Women Crush Wednesday: Non-Fiction Edition
In this week's edition of Women Crush Wednesday, discover non-fiction titles by awe-inspiring women authors.See more details below
Evelyn Forget & Hannah Owczar | Author of Radical Trust (Arbeiter Ring Publishing Ltd.)
Evelyn Forget is an economist in the School of Medicine at the University of Manitoba. Several years ago, she began researching the data associated with a Basic Income field experiment conducted in Manitoba in the 1970s. She has been consulted by governments and researchers in Ontario, British Colombia, Quebec, Finland, the Netherlands, and Scotland on this topic. Dr. Forget's latest work is titled Basic Income for Canadians: From the COVID-19 Emergency to Financial Security for All.
Hannah Owczar is a writer and communications specialist in the Department of Community Health Sciences at the University of Manitoba. She is a graduate of the Creative Communications program at Red River College where she majored in journalism. Owczar's work has appeared in several major news outlets in Manitoba including the Winnipeg Free Press and CBC Manitoba. She also holds an undergraduate degree in Human Rights from the University of Winnipeg.
Radical Trust: Basic Income For Complicated Lives explores the notion that a basic income is a compassionate and dignified response to poverty and income inequality in Canada. Through extensive testimonials with those that the "social safety net" fails most dramatically, it tells the stories of lived experience, as individuals navigate the complicated circumstances of their lives. The myth of meritocracy creates distinctions between the deserving, a distinction that is the basis on which Canada's entire income support system rests.
Betsy Warland | Author of Bloodroot (Inanna Publications)
Betsy Warland has authored 14 books of creative nonfiction, essays and poetry. Regarding her 2020, Lagoon Lagoon/lost in thought, the Vancouver Sun wrote of her “magisterial (and yet, paradoxically, minimalist) distillation,” and The Ormsby Review: “her command of art and language is that of a virtuoso.” The Winnipeg Free Press review of her 2016 book, Oscar of Between: A Memoir of Identity and Ideas, called it “an astonishing book by a truly luminous writer.” A mainstay for writers and teachers, the second edition of Warland’s Breathing the Page: Reading the Act of Writing (with new added material) will be released in 2022. This 2021 second edition of Warland’s first memoir, Bloodroot—Tracing the Untelling of Motherloss (2000), includes a new, long essay by Warland reflecting on what Bloodroot taught her in terms of craft and the nature of narrative over the past twenty years. Former director and mentor in of the Writer’s Studio and Vancouver Manuscript Intensive, Warland received the City of Vancouver Mayor’s Literary Excellence Award in 2016. The creation of an annual book award honouring Warland, The VMI Betsy Warland Between Genres Award, was launched in 2021.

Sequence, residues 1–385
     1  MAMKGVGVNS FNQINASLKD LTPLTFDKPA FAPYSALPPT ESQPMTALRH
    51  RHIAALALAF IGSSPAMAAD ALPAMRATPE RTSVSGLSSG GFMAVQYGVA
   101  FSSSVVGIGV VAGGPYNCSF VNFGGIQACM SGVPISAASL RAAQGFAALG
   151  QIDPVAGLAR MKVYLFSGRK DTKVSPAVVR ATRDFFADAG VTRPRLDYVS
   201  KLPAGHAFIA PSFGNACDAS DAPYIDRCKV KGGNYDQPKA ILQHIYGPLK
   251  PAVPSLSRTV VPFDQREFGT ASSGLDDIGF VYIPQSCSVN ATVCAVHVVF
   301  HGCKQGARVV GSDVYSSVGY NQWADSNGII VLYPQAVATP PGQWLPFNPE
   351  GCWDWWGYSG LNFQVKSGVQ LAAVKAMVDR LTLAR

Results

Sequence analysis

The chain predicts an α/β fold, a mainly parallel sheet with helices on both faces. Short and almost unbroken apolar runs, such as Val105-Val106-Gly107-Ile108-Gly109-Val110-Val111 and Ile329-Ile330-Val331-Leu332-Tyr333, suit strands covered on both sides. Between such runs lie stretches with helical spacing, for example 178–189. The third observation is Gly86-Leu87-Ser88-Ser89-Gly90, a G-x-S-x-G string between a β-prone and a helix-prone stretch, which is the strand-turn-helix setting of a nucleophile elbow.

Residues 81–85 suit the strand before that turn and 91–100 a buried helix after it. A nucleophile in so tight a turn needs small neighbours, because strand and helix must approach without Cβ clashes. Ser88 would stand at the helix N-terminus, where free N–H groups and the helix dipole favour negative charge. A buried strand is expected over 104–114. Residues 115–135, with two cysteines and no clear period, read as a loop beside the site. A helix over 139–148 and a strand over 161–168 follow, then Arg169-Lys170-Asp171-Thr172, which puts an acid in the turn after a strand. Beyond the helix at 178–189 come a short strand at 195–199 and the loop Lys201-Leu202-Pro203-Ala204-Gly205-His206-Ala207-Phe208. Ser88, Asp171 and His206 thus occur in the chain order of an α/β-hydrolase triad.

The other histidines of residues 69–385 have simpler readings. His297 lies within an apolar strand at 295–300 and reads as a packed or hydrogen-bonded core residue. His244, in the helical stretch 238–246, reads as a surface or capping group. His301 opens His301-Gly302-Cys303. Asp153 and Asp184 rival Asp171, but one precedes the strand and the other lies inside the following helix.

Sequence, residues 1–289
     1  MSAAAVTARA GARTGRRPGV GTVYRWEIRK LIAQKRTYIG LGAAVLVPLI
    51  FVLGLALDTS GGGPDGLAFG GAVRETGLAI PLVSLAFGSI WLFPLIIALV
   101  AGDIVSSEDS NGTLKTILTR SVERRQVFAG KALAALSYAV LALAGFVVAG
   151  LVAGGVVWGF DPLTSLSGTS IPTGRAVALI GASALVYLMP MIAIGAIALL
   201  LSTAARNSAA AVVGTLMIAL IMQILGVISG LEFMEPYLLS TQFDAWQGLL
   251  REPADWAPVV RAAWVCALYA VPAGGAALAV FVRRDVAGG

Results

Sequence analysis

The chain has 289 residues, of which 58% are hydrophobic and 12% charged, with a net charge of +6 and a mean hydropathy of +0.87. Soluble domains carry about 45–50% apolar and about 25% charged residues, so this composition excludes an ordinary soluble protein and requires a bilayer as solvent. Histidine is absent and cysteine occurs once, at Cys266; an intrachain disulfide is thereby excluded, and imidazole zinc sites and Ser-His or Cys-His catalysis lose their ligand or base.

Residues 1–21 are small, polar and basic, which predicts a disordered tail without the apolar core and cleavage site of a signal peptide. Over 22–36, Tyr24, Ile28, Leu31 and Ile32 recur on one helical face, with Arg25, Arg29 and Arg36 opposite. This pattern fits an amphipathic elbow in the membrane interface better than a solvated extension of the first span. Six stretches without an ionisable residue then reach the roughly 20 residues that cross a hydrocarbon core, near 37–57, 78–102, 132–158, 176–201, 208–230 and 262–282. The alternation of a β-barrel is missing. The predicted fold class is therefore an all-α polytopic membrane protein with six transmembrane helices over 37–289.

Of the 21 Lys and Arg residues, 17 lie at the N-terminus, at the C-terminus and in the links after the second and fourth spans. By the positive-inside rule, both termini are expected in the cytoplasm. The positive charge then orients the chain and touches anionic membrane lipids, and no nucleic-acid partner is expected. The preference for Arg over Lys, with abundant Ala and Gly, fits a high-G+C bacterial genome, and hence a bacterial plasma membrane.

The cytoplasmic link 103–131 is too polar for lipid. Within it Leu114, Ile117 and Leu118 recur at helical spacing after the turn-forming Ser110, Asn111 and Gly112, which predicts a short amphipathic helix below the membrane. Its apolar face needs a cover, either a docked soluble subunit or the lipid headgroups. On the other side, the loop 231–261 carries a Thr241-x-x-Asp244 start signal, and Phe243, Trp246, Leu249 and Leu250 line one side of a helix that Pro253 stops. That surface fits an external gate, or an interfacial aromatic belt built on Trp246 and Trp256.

In Bloodroot, Betsy Warland traces how a mother and daughter's shared gender can shape the very anatomy of narrative itself. In her mother's final year, Warland quietly discovered how to disentangle a crucial, concealed story that had rendered their relationship disconnected and fraught. Warland weaves a common ground that moves beyond duty and despair, providing both questions and guideposts for readers, particularly those faced with ageing and ill parents and their loss.
The 2000 edition of Bloodroot broke new ground in memoir form and uncharted storytelling. The 2021 edition, reprinted by Inanna for the launch of its Inanna Signature Feminist Publications series, includes a new foreword by Susan Olding and a new essay by Warland that explores subsequent questions, insights and tenderness only the passage of time can enable.
Julietta Singh | Author of The Breaks (Coach House Books)
Julietta Singh is a writer and academic whose work engages the enduring effects of colonization, current ecological crisis, and queer-feminist futures. She is the author of two previous books: No Archive Will Restore You (Punctum Books, 2018) and Unthinking Mastery: Dehumanism and Decolonial Entanglements (Duke University Press, 2018). She currently lives in Richmond, Virginia with her child and her best friend.
The Breaks : In a letter to her six-year-old daughter, Julietta Singh ventures toward a tender vision of the future, lifting up children's radical embrace of possibility as a model for how we might live. If we wish to survive the looming political and ecological crises of our day, Singh contends, we must break from the conventions we have inherited, and orient ourselves toward revolutionary paths that might yet set us free.
The Breaks celebrates queer family-making, communal living, and brown girlhood, complicating the US’s stark binaries. With nuance and care, Singh connects the crises humanity faces—climate catastrophe, extractive capitalism, and the violent legacies of racism, patriarchy, and colonialism. Drawing upon feminist autotheory and the Black epistolary traditions of James Baldwin and Ta-Nehisi Coates, Singh offers us her own generous invitation to move through the breaks toward a tenable future.
Kerri Cull | Author of Rock Paper Sex Volume 2: Trigger Warning (Breakwater Books)
Born in Nova Scotia, Mi’kma’ki, Mallory Amirault is a queer artist whose Acadian and Mi’kmaq heritage belongs to the Kespukwitk district of Yarmouth, otherwise known as the lobster’s ass when referring to the province. Their artistic practice engages in critical poetics, literary performance, and humour. As a person enmeshed in the legacy of colonization and cultural diaspora in the Maritimes, they think, read and write about the idiosyncrasies of belonging and identity, and memory as a palimpsest. They currently live alongside the Halfway River, a tributary that flows into the Minas Basin, an inlet of the Bay of Fundy.